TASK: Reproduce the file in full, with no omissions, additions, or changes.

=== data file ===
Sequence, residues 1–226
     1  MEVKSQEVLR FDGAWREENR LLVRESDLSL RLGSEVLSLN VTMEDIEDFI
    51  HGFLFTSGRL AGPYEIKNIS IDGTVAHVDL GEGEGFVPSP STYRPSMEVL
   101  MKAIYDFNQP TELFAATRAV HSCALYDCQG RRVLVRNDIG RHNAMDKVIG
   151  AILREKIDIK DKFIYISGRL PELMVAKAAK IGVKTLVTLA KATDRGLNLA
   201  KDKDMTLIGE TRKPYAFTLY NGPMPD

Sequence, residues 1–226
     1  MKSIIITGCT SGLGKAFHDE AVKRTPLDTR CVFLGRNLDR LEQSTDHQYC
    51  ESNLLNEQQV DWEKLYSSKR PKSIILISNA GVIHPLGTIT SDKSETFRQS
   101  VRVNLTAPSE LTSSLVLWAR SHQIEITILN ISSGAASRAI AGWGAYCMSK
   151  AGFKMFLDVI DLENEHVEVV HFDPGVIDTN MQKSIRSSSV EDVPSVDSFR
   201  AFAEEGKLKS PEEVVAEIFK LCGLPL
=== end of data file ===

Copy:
Sequence, residues 1–226
     1  MEVKSQEVLR FDGAWREENR LLVRESDLSL RLGSEVLSLN VTMEDIEDFI
    51  HGFLFTSGRL AGPYEIKNIS IDGTVAHVDL GEGEGFVPSP STYRPSMEVL
   101  MKAIYDFNQP TELFAATRAV HSCALYDCQG RRVLVRNDIG RHNAMDKVIG
   151  AILREKIDIK DKFIYISGRL PELMVAKAAK IGVKTLVTLA KATDRGLNLA
   201  KDKDMTLIGE TRKPYAFTLY NGPMPD

Sequence, residues 1–226
     1  MKSIIITGCT SGLGKAFHDE AVKRTPLDTR CVFLGRNLDR LEQSTDHQYC
    51  ESNLLNEQQV DWEKLYSSKR PKSIILISNA GVIHPLGTIT SDKSETFRQS
   101  VRVNLTAPSE LTSSLVLWAR SHQIEITILN ISSGAASRAI AGWGAYCMSK
   151  AGFKMFLDVI DLENEHVEVV HFDPGVIDTN MQKSIRSSSV EDVPSVDSFR
   201  AFAEEGKLKS PEEVVAEIFK LCGLPL